Poor old Brick Lane. Hardly a day goes by that it doesn’t get used as a mile-long yardstick for the gentrification of the East End. So what if the Lane now boasts a Subway, a Pret, a new Premier Inn, hectares of bad street art and that fucking cereal café? It also has an incredible history, a gloriously messy Sunday market and some excellent shopping, eating and drinking… if you know where to look.
The Lane has always been a haven for immigrants. Over the centuries, Dutch, French, Irish, eastern European Jewish and most recently Bangladeshi communities have all found a home here. Today, a stroll from Whitechapel High Street to Bethnal Green Road takes you past umpteen curry houses, two tourist-trap shops selling weird expensive chocolate, a retro bowling alley and the only building in Britain to be used in turn as a church, a synagogue and a mosque. All those different cultures rubbing up against one another give Brick Lane its strange, unique energy. Things can go too far sometimes, but hey: violence is another East End tradition. The Kray twins and – maybe – Jack the Ripper were locals, after all.
Luckily, dodgy dealings these days are mostly limited to nitrous oxide and suspiciously cheap curry. Here’s how to cut the crap, dodge the tikka touts and do Brick Lane right.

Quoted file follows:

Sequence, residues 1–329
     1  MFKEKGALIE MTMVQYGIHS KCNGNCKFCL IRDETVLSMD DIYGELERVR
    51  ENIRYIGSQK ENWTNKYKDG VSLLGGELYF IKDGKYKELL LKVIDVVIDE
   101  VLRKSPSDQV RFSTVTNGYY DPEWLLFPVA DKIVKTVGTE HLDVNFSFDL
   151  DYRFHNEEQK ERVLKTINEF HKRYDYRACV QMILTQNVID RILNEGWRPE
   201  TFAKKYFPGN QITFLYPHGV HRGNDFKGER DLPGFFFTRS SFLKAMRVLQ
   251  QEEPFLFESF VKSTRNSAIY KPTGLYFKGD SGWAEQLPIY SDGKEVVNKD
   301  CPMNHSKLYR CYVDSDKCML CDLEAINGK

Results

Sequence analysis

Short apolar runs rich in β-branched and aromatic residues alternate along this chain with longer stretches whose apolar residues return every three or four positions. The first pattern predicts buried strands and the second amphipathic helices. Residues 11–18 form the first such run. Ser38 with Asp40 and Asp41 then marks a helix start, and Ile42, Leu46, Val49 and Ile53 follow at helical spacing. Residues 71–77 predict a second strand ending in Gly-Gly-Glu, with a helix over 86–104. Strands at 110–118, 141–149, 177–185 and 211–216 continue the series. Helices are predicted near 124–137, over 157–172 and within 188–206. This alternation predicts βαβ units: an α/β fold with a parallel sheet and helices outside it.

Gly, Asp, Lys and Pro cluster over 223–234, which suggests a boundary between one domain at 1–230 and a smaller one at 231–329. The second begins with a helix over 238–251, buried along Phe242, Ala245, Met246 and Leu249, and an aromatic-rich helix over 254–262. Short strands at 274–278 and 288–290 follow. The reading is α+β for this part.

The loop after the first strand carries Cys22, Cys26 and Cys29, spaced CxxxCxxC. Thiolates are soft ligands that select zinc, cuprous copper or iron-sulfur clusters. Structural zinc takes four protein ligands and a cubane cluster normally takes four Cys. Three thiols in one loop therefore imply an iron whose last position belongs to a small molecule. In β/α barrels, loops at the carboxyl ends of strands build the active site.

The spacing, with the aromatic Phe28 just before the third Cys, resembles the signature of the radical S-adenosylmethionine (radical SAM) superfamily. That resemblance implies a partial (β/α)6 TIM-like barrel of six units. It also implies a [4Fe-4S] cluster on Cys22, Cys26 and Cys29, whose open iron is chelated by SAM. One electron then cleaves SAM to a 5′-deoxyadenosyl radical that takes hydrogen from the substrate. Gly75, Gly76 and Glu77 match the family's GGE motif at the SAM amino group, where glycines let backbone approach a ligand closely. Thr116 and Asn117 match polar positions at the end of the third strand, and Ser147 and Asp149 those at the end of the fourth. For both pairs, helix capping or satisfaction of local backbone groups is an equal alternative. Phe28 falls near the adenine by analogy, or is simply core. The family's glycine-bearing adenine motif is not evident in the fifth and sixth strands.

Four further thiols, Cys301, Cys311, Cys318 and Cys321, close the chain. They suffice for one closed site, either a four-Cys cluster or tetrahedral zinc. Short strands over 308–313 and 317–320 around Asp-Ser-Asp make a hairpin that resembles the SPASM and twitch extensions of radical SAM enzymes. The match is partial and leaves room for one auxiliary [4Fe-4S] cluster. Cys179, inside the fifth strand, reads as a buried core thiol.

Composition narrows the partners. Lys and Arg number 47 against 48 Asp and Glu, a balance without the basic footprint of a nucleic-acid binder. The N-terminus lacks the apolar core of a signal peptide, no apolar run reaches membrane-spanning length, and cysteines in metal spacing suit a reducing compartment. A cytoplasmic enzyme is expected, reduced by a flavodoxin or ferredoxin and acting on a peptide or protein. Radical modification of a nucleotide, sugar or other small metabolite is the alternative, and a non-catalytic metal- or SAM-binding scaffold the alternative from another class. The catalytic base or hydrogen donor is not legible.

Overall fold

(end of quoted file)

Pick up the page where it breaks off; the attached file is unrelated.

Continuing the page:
Bric-à-brac of all kinds – from household goods to clothes and vinyl – every Sunday at Brick Lane Market. You’ll see plenty of junk, but duck into the eccentric Brick Lane Tea Rooms market for unusual crockery, vintage London Transport posters and taxidermy.
Books, books, books: Brick Lane Bookshop is great for London history, while a new branch of Soho’s The Society Club covers punk rock and avant-garde art.
Dried fish, fresh turmeric, tamarind paste and other essential Asian ingredients from Taj Stores. They’ve been trading since 1936.
Watch an arthouse film in the cosy screening room at Close-Up Film Centre on Sclater Street.
Truman’s beer, which was brewed on Brick Lane for three centuries but is now made in nearby Hackney Wick. Drink it today at The Archers (recently spiffed up by new owners) or the absolutely aptly named Pride of Spitalfields.
Red Stripe at the artfully run-down Cafe 1001. It’s pretty much a Brick Lane institution.
Brilliant French cooking (vraiment!) at Chez Elles.
Cinnamon buns and pickled herring at Fika, a laid-back Swedish restaurant with a nifty roof terrace.
Heavenly chilli paneer rolls at Asian confectioners Arzu. It really doesn’t shine in council hygiene tests, but authenticity doesn’t need a licence, yeah?
If you only do one thing…
Visit the London music scene’s Holy of Holies: Rough Trade East. The biggest record shop in town offers a café, bookshop, instore gigs and the city’s most famous photobooth.